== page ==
DICJ found no suggestion of illicit activities at Suncity Group

The DICJ says it had limited resources to investigate junkets.
The DICJ says it had limited resources to investigate junkets.

A representative from the regulator has given evidence to the trial of Alvin Chau Cheok Wa.

Macau.- In the ongoing Suncity trial, Macau’s Court of First Instance in Macau has heard from the Gaming Inspection and Coordination Bureau (DICJ). The regulator told the court it found no evidence of illicit activities at Suncity Group, the former junket operator of which Alvin Chau Cheok Wa was CEO.

Wong Long Peng, head of the DICJ compliance and audit division stressed that checks were mainly based on data provided by Suncity and the city’s gaming concessionaires and subconcessionaires. When prosecutor Lai U Hou suggested that Suncity would withhold information about under-the-table betting, telephone betting and online betting from DICJ inspections, Wong said she did not know if that was the case.

According to Macau Business, Wong answered: “There were no third parties for us to verify all the information [Suncity] provided. We could only review the information it allowed us to see.”

Wong clarified that the regulator had only four or five people to carry out audits of between 100 and 200 junkets operators and did not have the resources to carry out more comprehensive work. She said that Suncity’s financial controls only pertained to its VIP gaming business in Macau but did not cover its overseas business, which was outside the scope of DICJ’s supervision.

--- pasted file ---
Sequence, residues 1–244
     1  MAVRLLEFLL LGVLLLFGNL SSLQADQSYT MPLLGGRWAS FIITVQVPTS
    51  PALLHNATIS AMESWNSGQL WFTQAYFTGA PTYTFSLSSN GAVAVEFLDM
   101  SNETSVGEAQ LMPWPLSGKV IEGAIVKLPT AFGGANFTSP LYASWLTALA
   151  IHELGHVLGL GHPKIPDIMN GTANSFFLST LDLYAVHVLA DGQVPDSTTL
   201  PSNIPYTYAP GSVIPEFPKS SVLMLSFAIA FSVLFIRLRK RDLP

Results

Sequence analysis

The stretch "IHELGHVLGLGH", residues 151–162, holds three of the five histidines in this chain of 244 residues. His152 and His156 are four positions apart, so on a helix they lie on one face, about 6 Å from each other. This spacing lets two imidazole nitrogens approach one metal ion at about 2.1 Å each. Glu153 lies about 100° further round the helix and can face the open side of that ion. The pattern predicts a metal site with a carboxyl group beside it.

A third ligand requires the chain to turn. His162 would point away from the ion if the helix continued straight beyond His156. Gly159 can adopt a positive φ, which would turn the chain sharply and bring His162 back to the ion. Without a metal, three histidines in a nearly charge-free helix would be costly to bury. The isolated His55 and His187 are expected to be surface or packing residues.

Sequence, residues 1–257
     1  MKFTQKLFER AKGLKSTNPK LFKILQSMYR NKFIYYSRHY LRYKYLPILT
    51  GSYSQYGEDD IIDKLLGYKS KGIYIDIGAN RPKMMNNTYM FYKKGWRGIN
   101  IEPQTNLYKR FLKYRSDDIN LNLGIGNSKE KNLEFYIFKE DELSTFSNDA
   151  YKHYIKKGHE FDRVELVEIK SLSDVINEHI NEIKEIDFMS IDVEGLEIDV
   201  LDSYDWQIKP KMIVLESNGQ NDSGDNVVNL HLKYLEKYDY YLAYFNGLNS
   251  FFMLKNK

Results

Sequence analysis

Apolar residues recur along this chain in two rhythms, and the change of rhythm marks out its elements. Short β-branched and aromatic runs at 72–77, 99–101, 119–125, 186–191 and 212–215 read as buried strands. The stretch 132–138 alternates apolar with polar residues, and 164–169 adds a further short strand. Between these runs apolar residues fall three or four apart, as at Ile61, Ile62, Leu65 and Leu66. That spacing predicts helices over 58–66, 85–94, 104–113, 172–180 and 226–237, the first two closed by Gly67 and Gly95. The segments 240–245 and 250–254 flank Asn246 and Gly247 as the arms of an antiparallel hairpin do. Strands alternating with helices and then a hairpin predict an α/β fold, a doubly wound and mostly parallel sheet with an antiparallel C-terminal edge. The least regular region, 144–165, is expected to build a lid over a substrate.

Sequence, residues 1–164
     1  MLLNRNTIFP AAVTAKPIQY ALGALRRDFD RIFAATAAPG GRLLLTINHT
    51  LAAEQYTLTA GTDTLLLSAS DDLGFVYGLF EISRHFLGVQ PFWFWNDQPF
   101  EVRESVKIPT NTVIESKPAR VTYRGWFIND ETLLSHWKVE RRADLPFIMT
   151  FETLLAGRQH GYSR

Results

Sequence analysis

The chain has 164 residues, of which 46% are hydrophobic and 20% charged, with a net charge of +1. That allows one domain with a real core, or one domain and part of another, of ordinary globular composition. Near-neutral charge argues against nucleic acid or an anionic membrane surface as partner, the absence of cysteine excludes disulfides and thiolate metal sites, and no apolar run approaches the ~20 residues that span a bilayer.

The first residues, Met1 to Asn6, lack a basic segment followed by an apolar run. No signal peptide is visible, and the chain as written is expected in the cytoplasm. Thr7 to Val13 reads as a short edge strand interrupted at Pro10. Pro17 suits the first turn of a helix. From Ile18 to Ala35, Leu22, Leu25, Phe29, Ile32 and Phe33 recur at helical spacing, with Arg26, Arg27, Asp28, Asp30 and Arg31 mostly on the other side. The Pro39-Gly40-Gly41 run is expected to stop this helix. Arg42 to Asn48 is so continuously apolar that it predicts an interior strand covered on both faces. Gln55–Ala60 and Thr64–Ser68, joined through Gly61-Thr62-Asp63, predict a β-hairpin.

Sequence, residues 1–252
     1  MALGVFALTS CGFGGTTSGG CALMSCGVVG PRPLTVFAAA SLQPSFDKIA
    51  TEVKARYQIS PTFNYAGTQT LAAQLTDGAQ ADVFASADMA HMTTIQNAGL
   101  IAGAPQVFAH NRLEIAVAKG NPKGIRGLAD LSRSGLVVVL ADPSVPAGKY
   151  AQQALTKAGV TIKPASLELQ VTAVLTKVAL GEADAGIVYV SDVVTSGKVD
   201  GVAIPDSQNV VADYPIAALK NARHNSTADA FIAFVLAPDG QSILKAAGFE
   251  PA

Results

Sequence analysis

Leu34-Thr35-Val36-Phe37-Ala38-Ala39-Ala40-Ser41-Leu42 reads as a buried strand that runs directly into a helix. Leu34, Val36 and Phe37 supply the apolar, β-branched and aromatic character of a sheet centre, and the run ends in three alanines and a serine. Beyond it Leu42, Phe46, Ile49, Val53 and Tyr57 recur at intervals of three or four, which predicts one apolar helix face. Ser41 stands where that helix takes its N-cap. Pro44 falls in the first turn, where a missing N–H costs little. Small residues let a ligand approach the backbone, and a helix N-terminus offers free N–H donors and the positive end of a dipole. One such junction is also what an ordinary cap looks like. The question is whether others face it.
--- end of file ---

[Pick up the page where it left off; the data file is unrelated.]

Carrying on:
Chau Cheok Wa and others have been indicted for operating illegal gambling, founding and leading a criminal group and for money laundering. Cheok Wa was arrested in November 2021 together with 11 others. It’s alleged that he provided illicit gaming in approved casinos and ran illicit online betting and proxy betting.

The current trial involves allegations of overseas telephone betting and online betting. Macau is investigating another case related to phone betting. In 2016, Macau enacted a ban on phone betting or proxy betting, and two years later it formally banned such activities.

The trial will continue today (November 1) with three other DICJ officials expected to testify. 

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